Climate change response requires sacrifice

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I read with great interest your May 5 story about the Central Maine Power/Hydro-Quebec project and its impact on the North Woods.

I am not an advocate for CMP; I am an advocate for my daughters, for their children and for their children’s children. We are at a critical point where climatically we need to make a change. Doing the same old same old is not acceptable.

The conundrum, for me, is: Do we address climate change or not?

With Hydro-Quebec and the No Corridors opponents, the debate seems to be: Do we support addressing climate change impacts with our energy generation, or do we protect the North Woods and maintain the same energy generation models – nuclear, coal, oil and natural gas – that impact the forest health?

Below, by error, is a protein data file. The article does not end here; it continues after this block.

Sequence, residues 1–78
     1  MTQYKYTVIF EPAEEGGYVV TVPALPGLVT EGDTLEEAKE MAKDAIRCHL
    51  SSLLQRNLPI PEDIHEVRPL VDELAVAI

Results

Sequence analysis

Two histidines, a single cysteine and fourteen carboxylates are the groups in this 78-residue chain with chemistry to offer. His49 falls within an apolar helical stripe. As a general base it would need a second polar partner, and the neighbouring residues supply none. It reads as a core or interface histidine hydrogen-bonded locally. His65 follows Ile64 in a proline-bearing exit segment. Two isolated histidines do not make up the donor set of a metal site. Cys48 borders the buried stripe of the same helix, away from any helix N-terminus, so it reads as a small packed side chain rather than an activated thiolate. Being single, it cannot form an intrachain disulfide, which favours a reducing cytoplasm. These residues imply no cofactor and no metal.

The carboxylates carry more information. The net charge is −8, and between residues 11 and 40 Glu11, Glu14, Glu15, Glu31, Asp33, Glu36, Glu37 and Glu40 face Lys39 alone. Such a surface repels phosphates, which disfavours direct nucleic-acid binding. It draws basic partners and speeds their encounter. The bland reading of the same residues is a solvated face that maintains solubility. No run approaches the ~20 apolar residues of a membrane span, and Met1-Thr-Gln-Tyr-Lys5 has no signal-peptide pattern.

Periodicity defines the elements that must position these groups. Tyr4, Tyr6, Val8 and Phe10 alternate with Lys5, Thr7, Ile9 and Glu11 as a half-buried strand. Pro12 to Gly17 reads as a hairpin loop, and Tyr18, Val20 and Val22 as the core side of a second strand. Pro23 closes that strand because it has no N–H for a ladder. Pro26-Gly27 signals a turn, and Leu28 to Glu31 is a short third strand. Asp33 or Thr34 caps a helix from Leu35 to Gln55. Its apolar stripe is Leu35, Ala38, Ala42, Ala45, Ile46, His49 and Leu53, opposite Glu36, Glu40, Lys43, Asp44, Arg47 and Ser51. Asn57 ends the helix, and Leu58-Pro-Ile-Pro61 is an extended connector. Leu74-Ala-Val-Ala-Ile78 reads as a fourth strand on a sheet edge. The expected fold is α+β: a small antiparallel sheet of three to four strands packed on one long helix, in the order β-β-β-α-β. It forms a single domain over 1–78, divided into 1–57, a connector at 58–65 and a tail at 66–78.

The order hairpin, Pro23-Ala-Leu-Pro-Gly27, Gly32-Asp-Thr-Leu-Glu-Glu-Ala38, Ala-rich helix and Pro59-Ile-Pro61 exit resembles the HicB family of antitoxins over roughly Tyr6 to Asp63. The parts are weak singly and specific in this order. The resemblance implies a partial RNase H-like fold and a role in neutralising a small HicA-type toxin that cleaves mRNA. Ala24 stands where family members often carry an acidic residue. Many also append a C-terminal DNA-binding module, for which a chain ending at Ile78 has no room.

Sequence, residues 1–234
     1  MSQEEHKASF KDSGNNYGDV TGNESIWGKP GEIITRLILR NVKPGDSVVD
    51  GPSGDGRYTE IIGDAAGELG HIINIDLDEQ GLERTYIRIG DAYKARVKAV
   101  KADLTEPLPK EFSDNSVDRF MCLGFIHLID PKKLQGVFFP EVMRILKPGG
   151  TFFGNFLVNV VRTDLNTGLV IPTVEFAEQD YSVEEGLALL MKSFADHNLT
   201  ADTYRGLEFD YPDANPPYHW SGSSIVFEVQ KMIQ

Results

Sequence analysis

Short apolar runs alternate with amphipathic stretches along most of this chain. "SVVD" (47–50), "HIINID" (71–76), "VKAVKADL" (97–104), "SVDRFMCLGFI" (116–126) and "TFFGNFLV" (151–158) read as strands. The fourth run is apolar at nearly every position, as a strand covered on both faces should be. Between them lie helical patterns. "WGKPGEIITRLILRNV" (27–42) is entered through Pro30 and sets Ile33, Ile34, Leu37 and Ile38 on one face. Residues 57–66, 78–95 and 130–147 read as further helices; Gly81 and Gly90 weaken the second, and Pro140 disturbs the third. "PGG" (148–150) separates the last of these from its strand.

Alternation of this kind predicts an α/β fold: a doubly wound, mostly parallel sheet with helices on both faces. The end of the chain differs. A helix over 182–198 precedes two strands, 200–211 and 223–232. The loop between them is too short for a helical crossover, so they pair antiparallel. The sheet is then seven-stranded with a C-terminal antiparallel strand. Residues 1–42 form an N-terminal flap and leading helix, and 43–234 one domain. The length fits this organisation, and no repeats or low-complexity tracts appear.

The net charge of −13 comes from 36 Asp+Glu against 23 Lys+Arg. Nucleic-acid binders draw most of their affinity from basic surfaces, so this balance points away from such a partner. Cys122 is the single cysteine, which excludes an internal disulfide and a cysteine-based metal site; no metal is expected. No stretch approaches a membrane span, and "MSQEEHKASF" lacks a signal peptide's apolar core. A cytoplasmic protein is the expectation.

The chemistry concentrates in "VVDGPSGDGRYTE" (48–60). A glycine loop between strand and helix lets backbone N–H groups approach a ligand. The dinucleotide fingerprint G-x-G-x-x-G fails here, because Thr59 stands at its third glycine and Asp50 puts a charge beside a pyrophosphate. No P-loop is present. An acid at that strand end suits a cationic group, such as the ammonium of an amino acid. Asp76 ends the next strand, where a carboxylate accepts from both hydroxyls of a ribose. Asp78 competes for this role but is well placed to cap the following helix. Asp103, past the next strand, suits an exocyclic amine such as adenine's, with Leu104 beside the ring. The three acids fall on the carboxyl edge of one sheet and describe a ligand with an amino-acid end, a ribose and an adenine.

My spiritual place is the woods of Maine. For years, I led trips for cancer patients to places that would offer the beauty, serenity and community that can happen in those less traveled places.

My love for those places, by itself, is not doing anything to address the forces of climate change, which, long term, is a much more pressing concern. The No Corridor opponents are not providing an answer for what alternative sources of energy generation that they will support, that reduce climate change and that are acceptable.

Many of us want safe, renewable energy and to have the “lights on” on demand, but no one wants to have that generation in their backyard. Somewhere else, preferably far away, not contributing to climate change.

We are at a place where we need to make a hard, but very important decision: Work hard to fight the march of climate change or not. This electrical power may be going to Massachusetts, but the reality is that we can have “cleaner” electrical generation that benefits Maine and addresses climate change.

David Hyde
Pownal